Deep inside a limestone cave on the Sumatran coast, a team of researchers have unearthed a natural timeline of the biggest tsunamis to hit the region over the last 7,500 years. They hope that the discovery will shed light on the frequency of major disasters like the 2004 Indian Ocean earthquake and tsunami that left more than 200,000 dead in 14 countries.
The team is led by Charles Rubin, who heads the Division of Earth Sciences at the Earth Observatory of Singapore.
Work in the cave, located near Banda Aceh, is far from glamorous. The tsunami record was created by a combination of sediment being washed into the cave by large waves and creating layers between existing guano deposits – thousands of years’ worth of bat droppings.
“The tsunami sands just jump right out at you because they’re separated by guano layers. There’s no confusing the stratigraphy,” Jessica Pilarczyk, a member of Rubin’s team, told BBC. “It makes for interesting field work; I’m not going to lie to you. The bats get very excited when people are disrupting their space. But from a geologist’s point of view, this cave has the most amazing stratigraphy.”
The stratigraphy, or layering, was uncovered by digging trenches in the base of the cave. Its raised entrance, which is situated approximately 100 meters from the high tide area, ensures that only the largest waves contribute a new layer of sand. The researchers estimate that between 7 and 10 tsunamis contributed to the stratigraphy between 7,500 and 3,000 years ago.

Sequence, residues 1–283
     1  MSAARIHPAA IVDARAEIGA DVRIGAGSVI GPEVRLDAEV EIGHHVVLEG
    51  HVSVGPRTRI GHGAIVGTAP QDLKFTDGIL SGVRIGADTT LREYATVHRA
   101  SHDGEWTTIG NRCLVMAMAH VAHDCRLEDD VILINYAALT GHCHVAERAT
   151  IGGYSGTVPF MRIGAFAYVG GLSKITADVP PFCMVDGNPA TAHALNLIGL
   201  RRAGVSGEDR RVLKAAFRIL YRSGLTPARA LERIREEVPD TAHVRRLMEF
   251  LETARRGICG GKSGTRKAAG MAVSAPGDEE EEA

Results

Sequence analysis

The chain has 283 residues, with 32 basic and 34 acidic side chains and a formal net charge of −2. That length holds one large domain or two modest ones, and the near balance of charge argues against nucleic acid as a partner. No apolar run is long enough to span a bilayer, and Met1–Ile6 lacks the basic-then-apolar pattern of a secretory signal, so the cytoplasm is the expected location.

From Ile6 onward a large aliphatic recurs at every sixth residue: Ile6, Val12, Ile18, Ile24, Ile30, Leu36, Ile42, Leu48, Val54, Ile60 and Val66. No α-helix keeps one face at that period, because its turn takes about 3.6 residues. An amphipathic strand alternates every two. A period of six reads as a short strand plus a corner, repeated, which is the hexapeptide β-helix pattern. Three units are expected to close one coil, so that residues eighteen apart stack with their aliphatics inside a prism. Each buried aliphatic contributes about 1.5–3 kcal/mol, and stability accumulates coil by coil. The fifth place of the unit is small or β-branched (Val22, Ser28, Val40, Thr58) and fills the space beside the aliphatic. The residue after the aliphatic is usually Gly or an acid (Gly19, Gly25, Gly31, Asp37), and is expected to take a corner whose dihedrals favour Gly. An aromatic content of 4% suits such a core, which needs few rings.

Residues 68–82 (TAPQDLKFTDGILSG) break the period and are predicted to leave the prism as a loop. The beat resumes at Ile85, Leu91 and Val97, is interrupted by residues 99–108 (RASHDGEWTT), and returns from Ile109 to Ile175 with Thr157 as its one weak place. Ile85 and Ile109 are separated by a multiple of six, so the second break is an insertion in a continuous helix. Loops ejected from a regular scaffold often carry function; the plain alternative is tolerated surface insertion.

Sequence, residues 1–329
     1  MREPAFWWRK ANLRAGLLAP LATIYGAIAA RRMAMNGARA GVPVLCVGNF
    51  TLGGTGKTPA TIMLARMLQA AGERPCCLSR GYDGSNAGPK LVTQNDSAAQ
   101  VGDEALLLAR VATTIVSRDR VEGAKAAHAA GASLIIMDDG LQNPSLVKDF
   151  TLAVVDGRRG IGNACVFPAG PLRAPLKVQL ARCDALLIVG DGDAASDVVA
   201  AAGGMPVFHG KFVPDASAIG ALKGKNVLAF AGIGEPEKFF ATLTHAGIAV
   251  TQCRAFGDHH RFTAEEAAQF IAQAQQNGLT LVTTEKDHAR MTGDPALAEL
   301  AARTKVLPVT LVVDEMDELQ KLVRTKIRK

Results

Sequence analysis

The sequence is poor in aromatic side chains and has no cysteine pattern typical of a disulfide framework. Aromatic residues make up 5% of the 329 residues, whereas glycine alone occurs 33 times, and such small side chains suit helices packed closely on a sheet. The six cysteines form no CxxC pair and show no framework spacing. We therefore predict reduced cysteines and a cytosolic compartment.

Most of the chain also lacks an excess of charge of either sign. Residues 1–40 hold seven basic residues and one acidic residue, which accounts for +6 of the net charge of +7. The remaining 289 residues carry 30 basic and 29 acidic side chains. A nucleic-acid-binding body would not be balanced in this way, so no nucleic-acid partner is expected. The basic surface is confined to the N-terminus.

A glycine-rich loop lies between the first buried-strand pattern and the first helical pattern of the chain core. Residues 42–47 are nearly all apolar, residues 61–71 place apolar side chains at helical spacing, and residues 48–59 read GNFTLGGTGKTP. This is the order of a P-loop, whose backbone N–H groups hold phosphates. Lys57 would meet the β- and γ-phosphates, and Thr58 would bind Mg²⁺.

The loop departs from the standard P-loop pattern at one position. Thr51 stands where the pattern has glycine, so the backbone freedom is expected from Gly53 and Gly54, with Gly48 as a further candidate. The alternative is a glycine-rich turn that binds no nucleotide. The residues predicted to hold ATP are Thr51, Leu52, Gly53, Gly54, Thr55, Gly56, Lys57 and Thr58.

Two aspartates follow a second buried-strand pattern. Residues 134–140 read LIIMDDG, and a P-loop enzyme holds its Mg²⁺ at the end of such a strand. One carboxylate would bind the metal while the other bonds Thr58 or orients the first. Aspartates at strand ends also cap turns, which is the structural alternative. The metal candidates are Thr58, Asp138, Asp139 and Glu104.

The date of each layer is estimated using radiocarbon analysis of organic debris caught in the sandy layers – including sea creatures and bits of charcoal from human-lit fires.
The cave’s geometry means that only tsunamis generated by magnitude 8 or higher earthquakes would be large enough to enter – the 2004 tsunami was sparked by a magnitude 9.2 “megathrust” quake that was estimated to have released as much energy as 23,000 atomic bombs. The researchers added that such a severe event likely hadn’t occurred in more than 500 years.
“2004 caught everybody by surprise. And why was that? Because nobody had been looking back to see how often they happen, if they’d ever happened,” said co-investigator Kerry Sieh. “In fact, because people thought they had no history of such things, they thought it was impossible. Nobody was prepared; nobody had even given it a second thought. So the reason we look back in time is so we can learn how the Earth works and how it might work during our watch.”